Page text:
‡‡‡‡‡‡‡‡‡‡‡‡‡Ocean and the shore, —
‡‡‡‡‡‡‡‡‡‡‡‡‡She shall live again,
‡‡‡‡‡‡‡‡‡‡‡‡‡Where the mortal sigh
‡‡‡‡‡‡‡‡‡‡‡‡‡Heaves not, and where pain,
‡‡‡‡‡‡‡‡‡‡‡‡‡Yea, and Death shall die.
She, a child, a seraph now, leans on Jesus’ breast,
Oh, for wings!  that we might be, sweet one!  thus at rest.

Source:  William B. Tappan. Poet’s Tribute; Poems of William B. Tappan. Boston: King, Crocker & Brewster, 1840

virginia

Niagara by William B. Tappan

 

tappan
William Bingham Tappan, 1794-1849. From his Poet’s Tribute.

Niagara! — the poetry of God!
Whose numbers tell, in everlasting hymn,
Only of God!    The morning stars that woke
Music along their courses, early caught
Its far off echoes, and in wild delight
Returned them, softened, round the universe.
Think not, think not, Earth’s triflers!  that for you
And garish Day, these melodies chime on.
When ye, diminished, lost, are known not, Night,
Night to the aweful anthem ever hearkens,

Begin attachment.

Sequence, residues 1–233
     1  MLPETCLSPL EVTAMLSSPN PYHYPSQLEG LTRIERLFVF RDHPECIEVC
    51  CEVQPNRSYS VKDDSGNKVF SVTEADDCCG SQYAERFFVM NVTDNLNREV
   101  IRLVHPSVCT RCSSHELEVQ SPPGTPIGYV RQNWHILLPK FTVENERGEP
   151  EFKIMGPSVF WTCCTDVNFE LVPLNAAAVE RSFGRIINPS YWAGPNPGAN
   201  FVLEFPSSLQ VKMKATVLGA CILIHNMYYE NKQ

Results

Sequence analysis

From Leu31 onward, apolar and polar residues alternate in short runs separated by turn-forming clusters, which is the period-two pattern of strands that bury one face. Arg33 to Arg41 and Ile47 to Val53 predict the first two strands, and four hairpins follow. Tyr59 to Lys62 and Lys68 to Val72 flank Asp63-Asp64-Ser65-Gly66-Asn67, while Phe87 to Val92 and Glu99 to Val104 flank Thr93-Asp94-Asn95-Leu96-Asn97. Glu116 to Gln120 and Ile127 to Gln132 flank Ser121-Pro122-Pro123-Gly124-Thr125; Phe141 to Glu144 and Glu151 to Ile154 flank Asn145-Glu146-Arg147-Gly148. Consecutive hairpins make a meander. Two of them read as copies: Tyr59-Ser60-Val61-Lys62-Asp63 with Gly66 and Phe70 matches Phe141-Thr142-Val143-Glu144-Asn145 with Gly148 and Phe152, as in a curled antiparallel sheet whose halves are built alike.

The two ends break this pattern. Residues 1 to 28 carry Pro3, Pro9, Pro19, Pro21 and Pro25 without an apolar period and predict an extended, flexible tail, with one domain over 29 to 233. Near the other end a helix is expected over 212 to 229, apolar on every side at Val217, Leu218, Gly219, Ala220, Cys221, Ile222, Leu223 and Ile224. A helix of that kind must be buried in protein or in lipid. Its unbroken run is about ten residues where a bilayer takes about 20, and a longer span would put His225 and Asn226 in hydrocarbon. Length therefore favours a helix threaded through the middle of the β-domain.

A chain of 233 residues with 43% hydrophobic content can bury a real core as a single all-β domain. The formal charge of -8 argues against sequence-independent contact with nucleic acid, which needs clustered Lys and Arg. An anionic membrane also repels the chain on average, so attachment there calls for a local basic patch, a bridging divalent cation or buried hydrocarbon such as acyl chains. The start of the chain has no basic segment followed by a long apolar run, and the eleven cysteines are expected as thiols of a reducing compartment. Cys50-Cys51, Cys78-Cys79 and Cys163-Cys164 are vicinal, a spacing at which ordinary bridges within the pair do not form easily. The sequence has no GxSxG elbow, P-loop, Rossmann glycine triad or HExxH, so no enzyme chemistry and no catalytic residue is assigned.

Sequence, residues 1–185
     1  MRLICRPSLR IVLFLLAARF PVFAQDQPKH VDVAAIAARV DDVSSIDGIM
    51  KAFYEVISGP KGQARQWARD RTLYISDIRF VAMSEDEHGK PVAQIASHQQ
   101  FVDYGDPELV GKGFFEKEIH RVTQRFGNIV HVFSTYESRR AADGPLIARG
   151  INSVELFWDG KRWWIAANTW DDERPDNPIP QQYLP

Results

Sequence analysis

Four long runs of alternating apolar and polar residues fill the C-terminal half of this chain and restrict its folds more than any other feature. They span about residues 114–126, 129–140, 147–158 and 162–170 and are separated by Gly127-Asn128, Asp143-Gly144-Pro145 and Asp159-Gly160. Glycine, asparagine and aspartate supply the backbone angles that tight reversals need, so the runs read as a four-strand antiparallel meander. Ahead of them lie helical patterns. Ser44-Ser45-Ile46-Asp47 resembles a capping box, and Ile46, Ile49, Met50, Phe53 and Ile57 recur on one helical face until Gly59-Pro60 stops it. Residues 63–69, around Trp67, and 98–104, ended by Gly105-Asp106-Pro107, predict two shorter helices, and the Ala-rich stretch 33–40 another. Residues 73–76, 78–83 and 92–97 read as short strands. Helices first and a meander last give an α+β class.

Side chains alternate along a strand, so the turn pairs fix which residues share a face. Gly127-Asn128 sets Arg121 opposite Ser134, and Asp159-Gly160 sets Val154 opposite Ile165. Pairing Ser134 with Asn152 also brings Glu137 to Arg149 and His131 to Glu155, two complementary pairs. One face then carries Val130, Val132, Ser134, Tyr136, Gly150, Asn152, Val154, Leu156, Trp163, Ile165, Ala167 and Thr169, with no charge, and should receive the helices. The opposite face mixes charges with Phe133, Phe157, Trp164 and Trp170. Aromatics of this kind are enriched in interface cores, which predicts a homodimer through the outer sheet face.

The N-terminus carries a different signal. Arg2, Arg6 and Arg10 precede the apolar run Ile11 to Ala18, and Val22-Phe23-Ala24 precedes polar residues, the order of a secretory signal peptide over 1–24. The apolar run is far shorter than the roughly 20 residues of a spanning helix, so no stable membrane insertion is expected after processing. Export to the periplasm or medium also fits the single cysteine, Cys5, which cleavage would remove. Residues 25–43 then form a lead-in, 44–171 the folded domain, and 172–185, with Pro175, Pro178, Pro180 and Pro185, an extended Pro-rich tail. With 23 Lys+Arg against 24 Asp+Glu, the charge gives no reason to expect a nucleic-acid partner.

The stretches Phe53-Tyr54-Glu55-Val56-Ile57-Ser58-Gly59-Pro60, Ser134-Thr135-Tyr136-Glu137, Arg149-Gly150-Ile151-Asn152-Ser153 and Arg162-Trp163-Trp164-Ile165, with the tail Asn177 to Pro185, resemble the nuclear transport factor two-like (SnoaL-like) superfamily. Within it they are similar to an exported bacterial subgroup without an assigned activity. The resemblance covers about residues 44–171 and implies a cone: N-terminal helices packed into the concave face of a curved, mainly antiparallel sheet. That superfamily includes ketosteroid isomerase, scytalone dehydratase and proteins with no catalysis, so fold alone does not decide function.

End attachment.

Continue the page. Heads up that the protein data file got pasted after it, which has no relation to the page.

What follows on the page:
And ever with new joy.    Oh, how sublime
The symphony, that, under the expanse
Of stars, peals on in unexhausted power:
Niagara! — and the sole listener, Night!

Source:  William B. Tappan. Poet’s Tribute; Poems of William B. Tappan. Boston: King, Crocker & Brewster, 1840

Niagara by Joseph Cook

cook

cook
Falls of Niagara by George Heriot, 1801.. Colour tint by Erna Jahnke. Courtesy Niagara Falls Public Library

I hear the thunderous thud, the muffled roar
I see the blinding, wheeling, smiting mists,
The greens, the grays, purples, and amethysts,
From Heaven’s wide palm thy frightened cataracts pour,
And I look up beneath them and adore.
Above me hang chain lightnings on the wrists
Of summer tempests.  In the awesome lists
Of contests are the thunders and thy shore.
Beneath thy quivering riven cliff I lie
And gaze into the lightning and the sky
But I hear only thee and touch and see
A hand which undergirds immensity.
Thou speakest much, but speaketh most of him;
God, God, God walks on thy watery rim.

Source: Charles Mason Dow. Anthology and Bibliography of Niagara Falls. Albany: State of New York, 1921. p 825

Originally published in Joseph Cook. Overtones: a Book of Verse. New York: Knickerbocker Press, 1903